Yeah, so I just got back from my crazy summer touring the world. Now it’s time to come back down to earth. I have to find a job (full-time for one year) while simultaneously putting together my graduate school applications. I plan to go into Latin American Studies and it would be great if I could use Spanish on the job, especially considering it’s the thing I am (diploma-wise) most qualified to do.
So here I am, with a B.A. in Spanish (extensive reading and writing), a ton of ESL volunteer experience, and a social psychology research credit (I did the work in Spanish), needing an entry level job. The hits I get on Monster.com seem to be customer-service oriented (working telephones, translating materials, etc) which would be fine. They all carry requirements about ‘‘bi-lingual’’ and ‘‘fluency in Spanish.’’
Can someone please tell me what the hell the actual definition of fluency is? Because I get asked whether or not I am fluent all the time, and I know it will come up in the job interviews, as that is the skill they need.
If they mean fluency as in, ‘‘you speak Spanish as well as you speak English,’’ then obviously I’m not fluent. But if they mean it as in, ‘‘You can communicate just about anything, with limited grammatical mistakes, even though it might take a couple tries or you have to ask people to repeat themselves from time to time…’’ well, that’s more or less what I’m at, language ability-wise. When I lived in Mexico I conducted classes bilingually and interacted for two months in nothing but Spanish, but I made a lot of mistakes and certain accents are harder to understand than others, so WHAT DOES THAT MEAN?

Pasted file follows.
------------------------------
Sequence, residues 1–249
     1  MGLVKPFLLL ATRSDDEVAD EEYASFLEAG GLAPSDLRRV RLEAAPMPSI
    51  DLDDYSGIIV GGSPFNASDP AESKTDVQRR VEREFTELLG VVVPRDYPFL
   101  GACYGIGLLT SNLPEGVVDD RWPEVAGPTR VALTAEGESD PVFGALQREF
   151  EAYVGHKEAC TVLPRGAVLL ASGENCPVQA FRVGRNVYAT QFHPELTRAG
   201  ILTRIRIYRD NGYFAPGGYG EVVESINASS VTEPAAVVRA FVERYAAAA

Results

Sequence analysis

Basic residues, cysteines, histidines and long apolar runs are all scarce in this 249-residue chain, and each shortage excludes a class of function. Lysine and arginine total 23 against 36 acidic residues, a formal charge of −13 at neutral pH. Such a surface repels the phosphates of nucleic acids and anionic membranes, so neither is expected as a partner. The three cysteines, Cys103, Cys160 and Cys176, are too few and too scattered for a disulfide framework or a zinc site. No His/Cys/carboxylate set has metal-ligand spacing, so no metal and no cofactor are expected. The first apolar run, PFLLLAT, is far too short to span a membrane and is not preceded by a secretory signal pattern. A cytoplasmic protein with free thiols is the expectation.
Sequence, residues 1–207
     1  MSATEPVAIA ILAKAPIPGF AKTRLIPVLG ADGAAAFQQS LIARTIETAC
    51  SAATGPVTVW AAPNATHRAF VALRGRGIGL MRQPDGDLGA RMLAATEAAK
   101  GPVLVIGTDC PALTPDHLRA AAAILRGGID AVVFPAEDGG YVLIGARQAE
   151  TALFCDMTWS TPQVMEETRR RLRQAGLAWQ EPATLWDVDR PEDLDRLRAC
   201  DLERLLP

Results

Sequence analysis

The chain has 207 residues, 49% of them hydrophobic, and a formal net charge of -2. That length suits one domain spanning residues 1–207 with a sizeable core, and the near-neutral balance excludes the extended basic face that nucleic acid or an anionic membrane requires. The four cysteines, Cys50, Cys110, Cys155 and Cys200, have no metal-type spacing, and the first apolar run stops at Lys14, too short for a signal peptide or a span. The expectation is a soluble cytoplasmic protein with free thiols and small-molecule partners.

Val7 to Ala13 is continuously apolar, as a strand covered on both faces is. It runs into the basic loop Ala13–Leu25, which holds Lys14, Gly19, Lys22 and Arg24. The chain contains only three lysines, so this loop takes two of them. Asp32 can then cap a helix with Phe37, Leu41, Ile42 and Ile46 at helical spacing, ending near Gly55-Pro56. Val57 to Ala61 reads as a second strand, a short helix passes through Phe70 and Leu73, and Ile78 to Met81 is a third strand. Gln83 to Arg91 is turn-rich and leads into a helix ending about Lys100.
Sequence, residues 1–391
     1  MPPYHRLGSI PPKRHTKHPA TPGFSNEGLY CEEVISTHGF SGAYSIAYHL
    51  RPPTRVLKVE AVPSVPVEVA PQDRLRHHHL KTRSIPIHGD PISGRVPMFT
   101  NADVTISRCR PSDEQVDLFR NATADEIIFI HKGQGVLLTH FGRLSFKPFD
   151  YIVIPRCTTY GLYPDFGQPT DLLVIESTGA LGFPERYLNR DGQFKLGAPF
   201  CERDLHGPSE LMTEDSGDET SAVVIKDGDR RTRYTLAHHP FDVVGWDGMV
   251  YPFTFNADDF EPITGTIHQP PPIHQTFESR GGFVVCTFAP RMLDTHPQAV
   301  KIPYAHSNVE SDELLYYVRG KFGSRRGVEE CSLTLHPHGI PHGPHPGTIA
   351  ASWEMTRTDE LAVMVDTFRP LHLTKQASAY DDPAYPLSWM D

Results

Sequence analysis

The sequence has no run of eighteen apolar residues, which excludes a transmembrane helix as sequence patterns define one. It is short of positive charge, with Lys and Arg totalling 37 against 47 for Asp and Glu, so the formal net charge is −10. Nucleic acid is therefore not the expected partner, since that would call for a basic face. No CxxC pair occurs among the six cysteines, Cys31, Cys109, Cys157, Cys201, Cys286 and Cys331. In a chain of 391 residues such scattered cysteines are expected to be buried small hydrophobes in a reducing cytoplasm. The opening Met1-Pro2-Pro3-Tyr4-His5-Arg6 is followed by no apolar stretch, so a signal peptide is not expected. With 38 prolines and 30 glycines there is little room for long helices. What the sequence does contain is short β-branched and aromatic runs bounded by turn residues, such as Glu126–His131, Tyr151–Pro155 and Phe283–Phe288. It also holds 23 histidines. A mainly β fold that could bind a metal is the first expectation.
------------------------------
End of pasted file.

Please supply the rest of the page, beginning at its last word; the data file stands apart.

And then it’s all about context. I figure if I got a customer service job, there would be lots of very repeated vocabulary, and it would be easy once I just mastered the limited context of the work I was doing. What I mean is, does it matter that I couldn’t, say, interpret a locker-room conversation if I can fully communicate concepts like, ‘‘left click your mouse on the little icon’’ or whatever the hell customer service reps have to say? Because I can easily learn that stuff.
Sorry, this is kind of ranty. I’m just not sure whether I’m qualified for these kinds of jobs–and if I’m not, what options does that leave me? I’ve spent the majority of my college career working at restaurants, but one of those jobs is not going to help me pay off student loans before grad school–and besides, I think I’d rather walk barefoot on snails than work in another godforsaken restaurant. I think I’d even rather do retail.
Any advice that sounds like it is even remotely related to this post will be most gratefully appreciated.